The interdisciplinary minor in childhood studies is designed for students who have a child-related focus in their major and for those who want to explore the topic of childhood. This minor focuses on the study of issues concerning children and their representations, including their experiences in society within historical and contemporary cultures and global contexts.
The interdisciplinary minor in leadership prepares students for transformative leadership in campus, local, national, and global contexts. Interdisciplinary and integrative classes examine leadership from multiple perspectives and disciplines, offering an understanding of socially-responsible leadership with an emphasis on community action.
In the multimedia minor, students learn how to create original work and communicate with others through the fusion of images, text, sound, and video. Students analyze and incorporate into their productions contemporary design principles and current software applications.
Social Innovation is designed to help you understand and develop viable solutions to pressing social and environmental problems. There are many approaches to addressing societal concerns including governmental policy and social activism. Social Innovators engage these sectors but also utilize the entrepreneurial practices of the business sector to build solutions that are self-sustaining and scalable and are not dependent on charitable contributions or government funding.
The School of Integrative Studies interdisciplinary minor in consciousness and transformation provides students with a well-grounded understanding of the nature of human consciousness, including both the historical foundations and modern research findings.
The interdisciplinary minor in nonprofit studies is designed to introduce students to the theoretical foundations and practical skills needed to be successful in this sector. Through heavy emphasis on experiential learning with the many excellent nonprofit organizations in our region, students learn to apply theory within the context of today's complex and rapidly changing environment.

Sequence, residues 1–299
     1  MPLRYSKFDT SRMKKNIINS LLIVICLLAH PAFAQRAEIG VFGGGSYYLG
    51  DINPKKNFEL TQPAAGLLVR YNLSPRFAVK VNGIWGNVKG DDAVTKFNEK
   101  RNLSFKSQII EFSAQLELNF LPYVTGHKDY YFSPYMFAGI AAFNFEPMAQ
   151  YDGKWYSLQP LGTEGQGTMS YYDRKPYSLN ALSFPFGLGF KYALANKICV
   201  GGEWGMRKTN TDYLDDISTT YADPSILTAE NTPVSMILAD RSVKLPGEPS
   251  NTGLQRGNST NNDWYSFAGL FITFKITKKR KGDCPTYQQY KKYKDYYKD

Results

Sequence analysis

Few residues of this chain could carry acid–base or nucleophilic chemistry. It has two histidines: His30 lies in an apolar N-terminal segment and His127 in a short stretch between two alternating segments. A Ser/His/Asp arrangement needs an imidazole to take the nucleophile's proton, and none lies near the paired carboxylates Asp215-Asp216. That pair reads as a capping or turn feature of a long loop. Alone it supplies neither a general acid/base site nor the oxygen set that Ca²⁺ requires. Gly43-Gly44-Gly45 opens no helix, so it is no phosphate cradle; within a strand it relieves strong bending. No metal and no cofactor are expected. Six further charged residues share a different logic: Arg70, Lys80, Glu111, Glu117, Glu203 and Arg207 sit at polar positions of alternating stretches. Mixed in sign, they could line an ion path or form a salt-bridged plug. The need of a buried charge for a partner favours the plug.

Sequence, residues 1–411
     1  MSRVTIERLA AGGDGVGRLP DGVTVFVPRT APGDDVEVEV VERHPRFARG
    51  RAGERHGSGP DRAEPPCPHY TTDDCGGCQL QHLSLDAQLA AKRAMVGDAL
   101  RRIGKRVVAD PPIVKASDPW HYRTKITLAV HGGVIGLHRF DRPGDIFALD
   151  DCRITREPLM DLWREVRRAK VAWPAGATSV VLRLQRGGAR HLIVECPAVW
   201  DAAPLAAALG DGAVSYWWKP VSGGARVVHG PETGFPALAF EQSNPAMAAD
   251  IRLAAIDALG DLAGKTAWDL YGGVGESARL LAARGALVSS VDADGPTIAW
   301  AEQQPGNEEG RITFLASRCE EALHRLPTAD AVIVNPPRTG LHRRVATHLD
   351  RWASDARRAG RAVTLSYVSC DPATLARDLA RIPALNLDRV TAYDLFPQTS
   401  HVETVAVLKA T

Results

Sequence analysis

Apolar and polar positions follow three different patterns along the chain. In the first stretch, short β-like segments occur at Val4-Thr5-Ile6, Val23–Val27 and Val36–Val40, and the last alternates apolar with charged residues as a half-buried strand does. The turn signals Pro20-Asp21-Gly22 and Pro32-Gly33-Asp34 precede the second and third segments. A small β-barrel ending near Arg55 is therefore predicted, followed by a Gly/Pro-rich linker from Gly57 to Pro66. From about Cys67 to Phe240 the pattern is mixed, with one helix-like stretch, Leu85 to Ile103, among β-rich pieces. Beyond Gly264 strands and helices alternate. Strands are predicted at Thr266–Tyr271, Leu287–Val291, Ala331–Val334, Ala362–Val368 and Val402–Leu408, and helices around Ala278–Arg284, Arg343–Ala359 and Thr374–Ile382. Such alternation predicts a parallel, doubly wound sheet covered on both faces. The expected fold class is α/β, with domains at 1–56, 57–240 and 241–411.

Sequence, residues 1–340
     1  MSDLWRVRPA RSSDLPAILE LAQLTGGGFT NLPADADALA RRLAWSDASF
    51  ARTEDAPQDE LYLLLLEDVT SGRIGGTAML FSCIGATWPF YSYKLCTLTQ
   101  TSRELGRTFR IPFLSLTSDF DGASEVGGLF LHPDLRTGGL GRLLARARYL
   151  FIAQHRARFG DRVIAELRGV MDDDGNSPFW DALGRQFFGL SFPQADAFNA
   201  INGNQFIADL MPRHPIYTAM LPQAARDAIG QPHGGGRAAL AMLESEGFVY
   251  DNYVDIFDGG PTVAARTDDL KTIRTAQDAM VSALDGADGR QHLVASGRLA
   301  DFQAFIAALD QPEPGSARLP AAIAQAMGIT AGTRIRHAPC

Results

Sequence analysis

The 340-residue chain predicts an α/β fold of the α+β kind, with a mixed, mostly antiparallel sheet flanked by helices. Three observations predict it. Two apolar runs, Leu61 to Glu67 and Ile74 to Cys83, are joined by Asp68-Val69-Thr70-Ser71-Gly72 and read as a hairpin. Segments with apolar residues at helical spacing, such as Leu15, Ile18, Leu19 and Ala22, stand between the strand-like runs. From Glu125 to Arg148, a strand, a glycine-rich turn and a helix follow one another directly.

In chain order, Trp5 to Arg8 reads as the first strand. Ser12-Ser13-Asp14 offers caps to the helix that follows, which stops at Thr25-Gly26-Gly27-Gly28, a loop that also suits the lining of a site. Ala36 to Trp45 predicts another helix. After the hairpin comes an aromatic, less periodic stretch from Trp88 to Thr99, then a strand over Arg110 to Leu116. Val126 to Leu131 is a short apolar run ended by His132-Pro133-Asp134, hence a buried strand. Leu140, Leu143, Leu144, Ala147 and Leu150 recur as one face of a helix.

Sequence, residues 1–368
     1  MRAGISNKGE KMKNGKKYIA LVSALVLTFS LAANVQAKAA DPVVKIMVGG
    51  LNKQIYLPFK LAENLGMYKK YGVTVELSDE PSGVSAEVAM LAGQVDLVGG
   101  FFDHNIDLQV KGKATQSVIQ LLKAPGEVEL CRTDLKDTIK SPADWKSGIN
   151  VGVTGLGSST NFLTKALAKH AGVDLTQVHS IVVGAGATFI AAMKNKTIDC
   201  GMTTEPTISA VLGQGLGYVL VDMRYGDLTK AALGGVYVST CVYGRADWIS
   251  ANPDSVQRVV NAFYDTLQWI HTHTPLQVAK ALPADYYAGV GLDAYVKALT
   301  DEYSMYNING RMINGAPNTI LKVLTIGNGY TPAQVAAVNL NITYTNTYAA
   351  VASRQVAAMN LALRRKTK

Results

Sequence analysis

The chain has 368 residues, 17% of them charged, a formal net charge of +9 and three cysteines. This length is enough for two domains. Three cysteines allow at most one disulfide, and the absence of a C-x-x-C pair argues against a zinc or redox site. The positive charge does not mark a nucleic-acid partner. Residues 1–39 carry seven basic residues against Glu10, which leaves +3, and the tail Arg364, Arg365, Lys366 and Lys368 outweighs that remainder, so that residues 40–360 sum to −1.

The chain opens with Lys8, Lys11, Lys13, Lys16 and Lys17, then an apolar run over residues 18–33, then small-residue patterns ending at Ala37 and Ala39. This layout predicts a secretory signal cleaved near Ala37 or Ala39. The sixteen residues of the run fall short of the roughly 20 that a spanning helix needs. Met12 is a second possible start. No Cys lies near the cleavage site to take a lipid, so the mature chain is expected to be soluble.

The minor in social justice engages students in both a critical examination of various forms of injustice (such as poverty, racism, and speciesism, and environmental degradation) and an exploration of strategies for creating and sustaining an equitable and just world. The minor is interdisciplinary in nature, drawing on disciplines as distinct as critical race studies, critical animal studies, and environmental science. It is designed particularly to help students consider the intersectional nature of all types of exploitation and their related movements for liberation.
This interdisciplinary minor is housed jointly in the Department of Environmental Science and Policy (College of Science) and in the School of Integrative Studies (College of Humanities and Social Sciences).
This highly relevant and contemporary minor is a 15-credit interdisciplinary program designed especially for students who are interested in how individuals develop and how to improve the quality of life for families and communities. You’ll explore the psychological, social, cultural, and biological development of individuals from conception through adulthood and aging, within the contexts of their families, communities, and the broader society. This is a joint minor in the College of Education and Human Development and the College of Humanities and Social Science.
The Minor in Conservation Studies is designed for undergraduate students who wish to augment their main academic program with conservation studies taught in an experiential manner.
All requirements for this minor can be fulfilled by successful completion (C or higher in all courses) of any one of the three, semester-long residential programs at the Smithsonian Conservation Biology Institute in Front Royal, VA. Students choose between:
The semesters are offered jointly by the College of Humanities and Social Sciences and the College of Science under the auspices of the Smithsonian-Mason School of Conservation and students are taught by GMU faculty, Smithsonian scientists and other practitioners.